The next time a police officer stops me, I plan to explain that suspecting me of a crime simply because I look foreign constitutes racial profiling. Only there is no term for the practice in the Japanese language.

    Kumiko Makihara is a writer and translator living in Tokyo.

    ///////////////////////////////////////////////////

    This has happened before, only worse for the victim:

    <誤認逮捕>旅券不携帯で逮捕の女性、実は日本人 埼玉

    ( 2006年02月28日 00時37分 )
    毎日新聞社 Courtesy of Kaoru

    埼玉県警川口署は27日、入管法違反容疑(旅券不携帯)で逮捕した女性(28)が実は同県川口市在住の日本人だったと分かり、釈放したと発表し た。女性が言葉を発せず、容姿などから外国人と判断したという。

    同署によると、25日午後7時40分ごろ、川口市内の路上を歩いていた女性にパトロール中の署員3人が職務質問。署員は女性の容姿が東南アジア出 身者に似ており、名前や国籍を尋ねたところ、小さな声で「日本人です」と言ったきり何も話さなくなったため、署に任意同行した。女性は署でも日本語の質問 に対し無言を通したため、同署は「外国人」と判断。パスポートの不所持を確かめて同容疑で逮捕した。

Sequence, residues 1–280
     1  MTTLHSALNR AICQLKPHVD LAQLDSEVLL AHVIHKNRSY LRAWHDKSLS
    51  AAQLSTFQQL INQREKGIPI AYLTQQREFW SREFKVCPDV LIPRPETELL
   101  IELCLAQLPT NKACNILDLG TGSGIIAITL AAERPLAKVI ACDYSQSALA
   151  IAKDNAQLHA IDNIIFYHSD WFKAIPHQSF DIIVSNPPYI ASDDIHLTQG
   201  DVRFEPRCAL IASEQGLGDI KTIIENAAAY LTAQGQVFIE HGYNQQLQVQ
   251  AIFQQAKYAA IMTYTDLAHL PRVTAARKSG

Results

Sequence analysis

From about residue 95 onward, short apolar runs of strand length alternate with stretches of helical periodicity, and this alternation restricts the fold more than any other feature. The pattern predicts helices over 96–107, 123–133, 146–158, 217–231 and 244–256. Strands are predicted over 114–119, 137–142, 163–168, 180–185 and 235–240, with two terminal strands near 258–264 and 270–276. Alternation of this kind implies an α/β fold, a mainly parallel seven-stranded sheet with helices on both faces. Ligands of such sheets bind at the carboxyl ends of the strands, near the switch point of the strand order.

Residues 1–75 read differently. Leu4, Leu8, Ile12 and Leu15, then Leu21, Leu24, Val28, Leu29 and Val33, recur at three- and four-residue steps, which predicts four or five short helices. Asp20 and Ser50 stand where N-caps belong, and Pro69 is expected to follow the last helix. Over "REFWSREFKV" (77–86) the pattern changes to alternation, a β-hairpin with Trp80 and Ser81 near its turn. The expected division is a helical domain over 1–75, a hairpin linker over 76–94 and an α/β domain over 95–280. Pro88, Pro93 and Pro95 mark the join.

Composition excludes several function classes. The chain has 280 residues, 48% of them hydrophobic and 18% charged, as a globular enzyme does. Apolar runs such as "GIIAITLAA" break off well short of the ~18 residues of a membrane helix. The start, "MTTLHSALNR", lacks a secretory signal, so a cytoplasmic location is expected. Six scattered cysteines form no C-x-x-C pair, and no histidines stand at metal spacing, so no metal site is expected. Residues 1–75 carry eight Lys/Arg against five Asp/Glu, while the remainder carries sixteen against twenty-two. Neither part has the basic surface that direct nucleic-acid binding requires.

女性は逮捕後に家族の名前を紙に書き、母親に確認すると娘と分かって誤認逮捕が判明した。母親は「娘は知らない人とは話をしない性格」と話してい たという。

    金川智署長は「女性には大変迷惑をかけた。今後指導を徹底し、再発防止に努める」としている。【村上尊一】

    Police erroneously arrest ‘Asian-looking’ Japanese woman on immigration law breach

    Mainichi Shinbun Tuesday, February 28, 2006 at 07:01 EST

    SAITAMA — The Saitama prefectural police on Monday arrested a Japanese woman on suspicion of violating the immigration law but later released her after discovering that she was a Japanese national, police officials said.

    The police had judged that the unemployed woman, 28, was not Japanese because she looked like a foreigner of Asian descent and that she carried an envelope written in Portuguese, the officials said. The woman was questioned by a policeman around 7:40 p.m. on Saturday in Kawaguchi. She told the officer that she was Japanese, but stopped answering further questions, the officials said. The woman’s family said she is not good at speaking with strangers.